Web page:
US researchers say oil and gas production may explain a sharp increase in earthquakes in the Midwestern region of the country, from Alabama to the Northern Rockies.
A US Geological Survey team reported that the rate of earthquakes had jumped six-fold from the late 20th century through last year, and the changes were "almost certainly man-made," according to the Associated Press.
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However, while the researchers suggested some kind of link to oil and gas production, it was not clear why the two might be related.
“It remains to be determined how they are related to either changes in extraction methodologies or the rate of oil and gas production," Russia Today quoted the abstract for USGS study, published by the Seismological Society of America, as saying.
However, Digital Journal wrote, the researchers offered a possible explanation, saying that drilling required the disposal of millions of gallons of waste water for each well, and that the number of wells had increased dramatically over the past 10 years.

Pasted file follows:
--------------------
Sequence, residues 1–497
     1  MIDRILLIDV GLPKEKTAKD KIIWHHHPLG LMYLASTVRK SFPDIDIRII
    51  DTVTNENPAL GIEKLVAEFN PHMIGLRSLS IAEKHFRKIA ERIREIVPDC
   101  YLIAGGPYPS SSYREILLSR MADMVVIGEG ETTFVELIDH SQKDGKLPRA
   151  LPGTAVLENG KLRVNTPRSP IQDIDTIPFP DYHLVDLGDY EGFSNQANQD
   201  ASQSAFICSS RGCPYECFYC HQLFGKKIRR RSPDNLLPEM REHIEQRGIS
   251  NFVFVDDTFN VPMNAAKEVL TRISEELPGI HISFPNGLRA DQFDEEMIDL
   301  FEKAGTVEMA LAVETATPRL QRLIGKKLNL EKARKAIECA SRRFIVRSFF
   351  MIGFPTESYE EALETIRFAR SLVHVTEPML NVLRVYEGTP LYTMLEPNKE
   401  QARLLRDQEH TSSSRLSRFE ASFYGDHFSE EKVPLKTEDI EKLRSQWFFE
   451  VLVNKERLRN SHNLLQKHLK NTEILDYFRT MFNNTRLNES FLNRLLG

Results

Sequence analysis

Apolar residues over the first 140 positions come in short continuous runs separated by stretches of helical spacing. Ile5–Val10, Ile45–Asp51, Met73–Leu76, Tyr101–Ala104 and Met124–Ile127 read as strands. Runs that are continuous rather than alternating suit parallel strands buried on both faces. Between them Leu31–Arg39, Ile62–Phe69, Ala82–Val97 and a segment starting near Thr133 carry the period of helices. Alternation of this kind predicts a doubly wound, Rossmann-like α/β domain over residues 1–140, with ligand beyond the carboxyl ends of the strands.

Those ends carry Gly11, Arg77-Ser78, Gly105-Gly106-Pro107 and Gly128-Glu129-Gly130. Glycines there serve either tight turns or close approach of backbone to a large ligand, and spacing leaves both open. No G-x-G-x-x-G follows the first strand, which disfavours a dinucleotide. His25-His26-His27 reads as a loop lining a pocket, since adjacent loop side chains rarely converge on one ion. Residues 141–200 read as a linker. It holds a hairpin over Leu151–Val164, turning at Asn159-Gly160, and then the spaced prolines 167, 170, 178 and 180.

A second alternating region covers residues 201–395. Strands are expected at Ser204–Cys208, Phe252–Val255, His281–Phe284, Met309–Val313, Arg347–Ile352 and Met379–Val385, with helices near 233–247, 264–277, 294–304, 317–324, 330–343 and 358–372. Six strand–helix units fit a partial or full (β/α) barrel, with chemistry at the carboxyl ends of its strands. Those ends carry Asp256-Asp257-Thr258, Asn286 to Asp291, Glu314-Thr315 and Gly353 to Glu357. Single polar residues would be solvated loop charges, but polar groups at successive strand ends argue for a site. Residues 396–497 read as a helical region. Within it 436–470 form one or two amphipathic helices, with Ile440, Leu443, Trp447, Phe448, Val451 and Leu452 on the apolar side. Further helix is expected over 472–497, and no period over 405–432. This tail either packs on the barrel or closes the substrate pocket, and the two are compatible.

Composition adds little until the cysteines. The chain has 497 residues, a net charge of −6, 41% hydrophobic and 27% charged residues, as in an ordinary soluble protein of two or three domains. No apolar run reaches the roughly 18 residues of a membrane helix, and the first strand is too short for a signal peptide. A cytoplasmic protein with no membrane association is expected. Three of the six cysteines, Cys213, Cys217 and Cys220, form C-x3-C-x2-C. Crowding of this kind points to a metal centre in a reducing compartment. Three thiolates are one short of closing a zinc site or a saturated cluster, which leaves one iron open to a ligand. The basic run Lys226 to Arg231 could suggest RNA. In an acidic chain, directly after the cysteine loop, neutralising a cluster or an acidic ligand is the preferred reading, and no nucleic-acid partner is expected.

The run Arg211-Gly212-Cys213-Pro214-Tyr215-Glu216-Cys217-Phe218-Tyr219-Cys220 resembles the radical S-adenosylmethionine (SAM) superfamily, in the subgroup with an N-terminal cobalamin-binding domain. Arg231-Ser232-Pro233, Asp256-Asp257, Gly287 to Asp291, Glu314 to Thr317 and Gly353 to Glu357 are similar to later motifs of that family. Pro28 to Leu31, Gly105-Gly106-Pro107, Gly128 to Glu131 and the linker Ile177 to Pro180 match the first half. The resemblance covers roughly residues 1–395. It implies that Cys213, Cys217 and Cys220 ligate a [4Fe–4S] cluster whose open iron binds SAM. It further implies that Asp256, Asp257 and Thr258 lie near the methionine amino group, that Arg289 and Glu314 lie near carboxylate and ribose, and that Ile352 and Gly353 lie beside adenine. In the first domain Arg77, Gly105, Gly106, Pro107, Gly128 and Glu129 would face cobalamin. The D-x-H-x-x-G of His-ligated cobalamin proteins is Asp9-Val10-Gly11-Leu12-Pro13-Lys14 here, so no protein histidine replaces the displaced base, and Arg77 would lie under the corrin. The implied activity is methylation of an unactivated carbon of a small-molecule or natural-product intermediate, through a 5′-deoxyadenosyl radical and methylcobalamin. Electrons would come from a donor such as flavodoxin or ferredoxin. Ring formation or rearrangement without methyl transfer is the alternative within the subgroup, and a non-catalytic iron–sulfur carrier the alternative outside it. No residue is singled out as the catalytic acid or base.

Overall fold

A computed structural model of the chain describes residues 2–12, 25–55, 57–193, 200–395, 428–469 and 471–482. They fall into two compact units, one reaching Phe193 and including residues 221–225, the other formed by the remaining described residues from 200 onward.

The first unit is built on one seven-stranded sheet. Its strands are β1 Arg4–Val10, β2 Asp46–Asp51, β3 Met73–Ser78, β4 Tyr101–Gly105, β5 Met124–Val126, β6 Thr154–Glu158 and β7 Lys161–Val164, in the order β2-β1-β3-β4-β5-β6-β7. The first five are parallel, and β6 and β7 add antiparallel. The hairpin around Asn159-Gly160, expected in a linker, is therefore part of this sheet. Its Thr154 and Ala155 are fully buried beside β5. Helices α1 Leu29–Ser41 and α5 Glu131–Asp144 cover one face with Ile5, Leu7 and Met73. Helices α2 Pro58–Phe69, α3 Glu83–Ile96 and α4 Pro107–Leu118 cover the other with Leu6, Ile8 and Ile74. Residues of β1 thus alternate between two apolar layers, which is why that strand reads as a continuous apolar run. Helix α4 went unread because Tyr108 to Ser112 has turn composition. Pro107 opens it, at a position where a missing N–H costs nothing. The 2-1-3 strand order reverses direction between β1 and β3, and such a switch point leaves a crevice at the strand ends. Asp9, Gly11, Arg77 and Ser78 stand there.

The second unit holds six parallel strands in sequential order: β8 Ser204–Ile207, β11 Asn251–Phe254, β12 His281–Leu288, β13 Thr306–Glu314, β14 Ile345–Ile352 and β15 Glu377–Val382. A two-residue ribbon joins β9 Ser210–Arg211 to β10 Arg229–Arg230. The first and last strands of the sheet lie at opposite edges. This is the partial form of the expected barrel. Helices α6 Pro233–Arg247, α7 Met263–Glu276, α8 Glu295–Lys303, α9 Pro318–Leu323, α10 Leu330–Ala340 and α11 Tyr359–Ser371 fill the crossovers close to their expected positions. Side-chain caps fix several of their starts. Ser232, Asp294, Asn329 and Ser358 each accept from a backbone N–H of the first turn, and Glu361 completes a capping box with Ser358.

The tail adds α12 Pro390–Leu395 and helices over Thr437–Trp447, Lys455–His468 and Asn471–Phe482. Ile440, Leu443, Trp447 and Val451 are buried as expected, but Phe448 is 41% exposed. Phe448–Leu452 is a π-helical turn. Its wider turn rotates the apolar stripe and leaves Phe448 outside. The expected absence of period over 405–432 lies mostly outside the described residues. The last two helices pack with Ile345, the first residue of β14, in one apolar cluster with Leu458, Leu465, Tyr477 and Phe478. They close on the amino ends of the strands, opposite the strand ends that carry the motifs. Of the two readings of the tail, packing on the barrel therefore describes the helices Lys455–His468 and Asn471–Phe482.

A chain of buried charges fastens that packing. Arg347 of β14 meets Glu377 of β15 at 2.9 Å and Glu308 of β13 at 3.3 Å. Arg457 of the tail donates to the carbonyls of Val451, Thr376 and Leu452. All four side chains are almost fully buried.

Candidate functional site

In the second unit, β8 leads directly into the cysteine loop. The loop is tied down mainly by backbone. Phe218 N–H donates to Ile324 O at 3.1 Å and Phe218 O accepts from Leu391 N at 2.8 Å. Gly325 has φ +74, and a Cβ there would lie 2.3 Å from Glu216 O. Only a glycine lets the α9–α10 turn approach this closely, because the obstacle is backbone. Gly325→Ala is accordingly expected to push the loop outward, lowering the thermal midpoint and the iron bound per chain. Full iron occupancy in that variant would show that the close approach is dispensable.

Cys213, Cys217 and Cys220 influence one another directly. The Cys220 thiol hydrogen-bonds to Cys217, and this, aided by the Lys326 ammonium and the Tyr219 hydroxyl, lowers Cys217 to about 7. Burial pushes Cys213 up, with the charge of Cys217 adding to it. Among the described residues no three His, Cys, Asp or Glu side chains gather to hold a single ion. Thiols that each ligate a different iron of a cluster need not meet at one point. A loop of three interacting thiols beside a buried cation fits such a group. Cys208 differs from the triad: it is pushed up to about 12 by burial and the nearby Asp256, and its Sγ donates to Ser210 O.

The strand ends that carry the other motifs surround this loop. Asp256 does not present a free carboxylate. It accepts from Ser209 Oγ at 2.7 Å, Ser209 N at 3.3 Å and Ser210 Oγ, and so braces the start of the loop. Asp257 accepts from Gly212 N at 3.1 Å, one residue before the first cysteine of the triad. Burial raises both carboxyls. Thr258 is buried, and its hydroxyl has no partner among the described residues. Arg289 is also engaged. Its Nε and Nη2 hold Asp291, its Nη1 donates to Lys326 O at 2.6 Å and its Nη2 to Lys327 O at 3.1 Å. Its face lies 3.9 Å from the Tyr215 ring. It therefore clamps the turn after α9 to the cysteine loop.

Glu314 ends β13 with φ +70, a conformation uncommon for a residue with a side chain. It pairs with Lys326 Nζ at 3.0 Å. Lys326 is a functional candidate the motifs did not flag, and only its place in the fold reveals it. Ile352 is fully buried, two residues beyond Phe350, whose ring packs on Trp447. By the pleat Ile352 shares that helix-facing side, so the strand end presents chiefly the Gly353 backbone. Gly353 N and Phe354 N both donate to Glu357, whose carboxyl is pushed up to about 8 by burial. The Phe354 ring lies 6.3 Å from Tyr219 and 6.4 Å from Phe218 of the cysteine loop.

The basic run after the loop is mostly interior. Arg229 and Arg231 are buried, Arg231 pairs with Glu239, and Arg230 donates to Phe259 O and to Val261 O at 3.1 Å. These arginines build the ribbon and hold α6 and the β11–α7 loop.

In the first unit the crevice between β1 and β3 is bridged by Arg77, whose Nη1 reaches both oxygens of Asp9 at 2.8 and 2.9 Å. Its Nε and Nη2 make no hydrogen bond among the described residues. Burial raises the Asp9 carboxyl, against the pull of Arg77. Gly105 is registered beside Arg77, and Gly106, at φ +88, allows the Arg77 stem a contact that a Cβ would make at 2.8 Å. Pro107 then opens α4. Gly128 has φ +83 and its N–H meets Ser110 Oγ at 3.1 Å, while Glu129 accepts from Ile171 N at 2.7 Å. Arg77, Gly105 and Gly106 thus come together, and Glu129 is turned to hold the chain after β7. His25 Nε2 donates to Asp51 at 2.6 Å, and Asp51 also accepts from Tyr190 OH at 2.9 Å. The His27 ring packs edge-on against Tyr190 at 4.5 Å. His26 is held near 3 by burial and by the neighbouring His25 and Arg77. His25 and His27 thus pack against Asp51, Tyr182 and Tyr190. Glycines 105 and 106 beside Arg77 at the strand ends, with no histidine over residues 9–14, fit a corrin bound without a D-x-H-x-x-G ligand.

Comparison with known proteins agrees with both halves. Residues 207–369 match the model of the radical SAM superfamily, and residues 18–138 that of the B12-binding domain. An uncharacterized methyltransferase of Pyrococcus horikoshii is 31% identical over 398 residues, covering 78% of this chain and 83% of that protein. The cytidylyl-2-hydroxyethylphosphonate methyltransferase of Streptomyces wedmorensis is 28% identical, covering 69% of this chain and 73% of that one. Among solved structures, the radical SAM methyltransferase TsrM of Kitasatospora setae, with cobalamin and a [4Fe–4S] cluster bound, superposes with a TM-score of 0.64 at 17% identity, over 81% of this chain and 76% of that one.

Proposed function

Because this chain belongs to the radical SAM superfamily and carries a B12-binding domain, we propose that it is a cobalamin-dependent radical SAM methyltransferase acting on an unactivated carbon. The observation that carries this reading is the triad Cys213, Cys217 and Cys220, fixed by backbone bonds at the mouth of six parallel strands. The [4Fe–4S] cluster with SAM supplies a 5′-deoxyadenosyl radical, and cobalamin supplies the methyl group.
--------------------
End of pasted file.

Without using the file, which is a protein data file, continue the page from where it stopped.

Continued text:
Previous work has linked earthquakes to injecting huge amounts of wastewater deep into the earth.
A recent series of earthquakes in north-eastern Ohio, most recently on New Year's Eve, prompted that state's Department of Natural Resources to suspend development by natural gas drillers of five deep wastewater disposal wells.
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And Arkansas imposed a permanent moratorium on disposal wells due to enhanced seismic activity near the Fayetteville Shale, RT reported.
"The acceleration in activity that began in 2009 appears to involve a combination of source regions of oil and gas production, including the Guy, Arkansas, region, and in central and southern Oklahoma. Horton, et al. (2012) provided strong evidence linking the Guy, AK, activity to deep waste water injection wells," RT cited the study saying.
Their study also linked a relatively mild increase in quake activity starting in 2001 to a methane production area along the state line between Colorado and New Mexico, the AP reported.
Since 2009, more quakes had been seen in a variety of oil and gas production areas, including some in Arkansas and Oklahoma, the researchers said.
The study is scheduled to be presented at a scientific meeting later this month States.
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